- Social Stressors: Acceptance, Rejection, Discrimination, and Expectation.
- Existential Stressors: Questioning Identity or Facing Mortality.
So what’s the bottom line?
A significant factor with these trends appears to be access to power.
Some of the most at-risk groups are groups that experience high amounts of stress in the form of resource acquisition, financial stability, safety, social acceptance, and existential questioning. Coincidentally, these groups tend to be underrepresented groups, and this suggests to me that stress is tied to distributions of power and access. i.e. More power and more access means less stress. And this to me brings up warning flags when considering widening income inequalities, the shrinking of the middle class, etc.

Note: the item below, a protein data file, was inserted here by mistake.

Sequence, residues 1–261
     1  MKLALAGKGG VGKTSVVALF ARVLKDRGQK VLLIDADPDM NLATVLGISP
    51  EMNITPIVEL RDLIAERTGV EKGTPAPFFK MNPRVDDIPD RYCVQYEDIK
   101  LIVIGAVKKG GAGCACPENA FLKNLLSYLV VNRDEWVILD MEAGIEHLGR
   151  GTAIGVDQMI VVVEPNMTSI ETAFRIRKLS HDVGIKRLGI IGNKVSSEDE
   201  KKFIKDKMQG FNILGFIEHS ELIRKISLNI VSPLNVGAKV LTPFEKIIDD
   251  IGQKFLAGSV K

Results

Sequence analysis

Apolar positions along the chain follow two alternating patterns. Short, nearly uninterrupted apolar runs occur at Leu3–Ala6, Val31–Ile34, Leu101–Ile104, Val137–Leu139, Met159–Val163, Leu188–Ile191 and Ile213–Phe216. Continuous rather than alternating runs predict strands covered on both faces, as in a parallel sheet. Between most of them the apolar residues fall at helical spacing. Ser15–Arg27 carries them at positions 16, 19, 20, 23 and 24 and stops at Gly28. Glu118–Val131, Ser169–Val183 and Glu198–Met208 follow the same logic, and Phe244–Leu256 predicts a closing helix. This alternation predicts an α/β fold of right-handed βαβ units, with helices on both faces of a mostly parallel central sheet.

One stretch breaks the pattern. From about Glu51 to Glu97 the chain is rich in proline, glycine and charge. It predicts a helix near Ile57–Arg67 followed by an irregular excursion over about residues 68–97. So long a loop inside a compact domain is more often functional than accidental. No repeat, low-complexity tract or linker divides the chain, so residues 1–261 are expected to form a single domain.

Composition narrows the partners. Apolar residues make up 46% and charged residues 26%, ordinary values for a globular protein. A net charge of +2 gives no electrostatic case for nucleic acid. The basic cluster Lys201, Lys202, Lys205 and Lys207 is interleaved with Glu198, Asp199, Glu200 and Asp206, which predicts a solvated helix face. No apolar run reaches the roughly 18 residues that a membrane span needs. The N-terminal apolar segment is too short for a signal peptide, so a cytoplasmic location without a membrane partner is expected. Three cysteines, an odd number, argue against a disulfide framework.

One notable exception to this idea, however, is the question of existential and social stressors. These stressors do not seem directly related to access to societal power. (Lots to say. I’m going to save this for another article…)
Depression Over Time
Let’s bring on some more data, though. Specifically, let’s look at increasing rates of depression over time:
This 2010 paper concludes that depression rates are increasing across the board, and especially for younger generations. This also can’t really be explained by access to power. So the question here is, what is the difference between young people now versus young people 40 years ago?
To me, this indicates how stress is tied to modernity.
We’re generally aware of how the modern age has placed more stressors on the individual than ever before. Sounds, notifications, news, social media. And larger trends like dissolution of family or tribal structures. Urbanization. Social disconnection. And, oh, that thing called the Internet.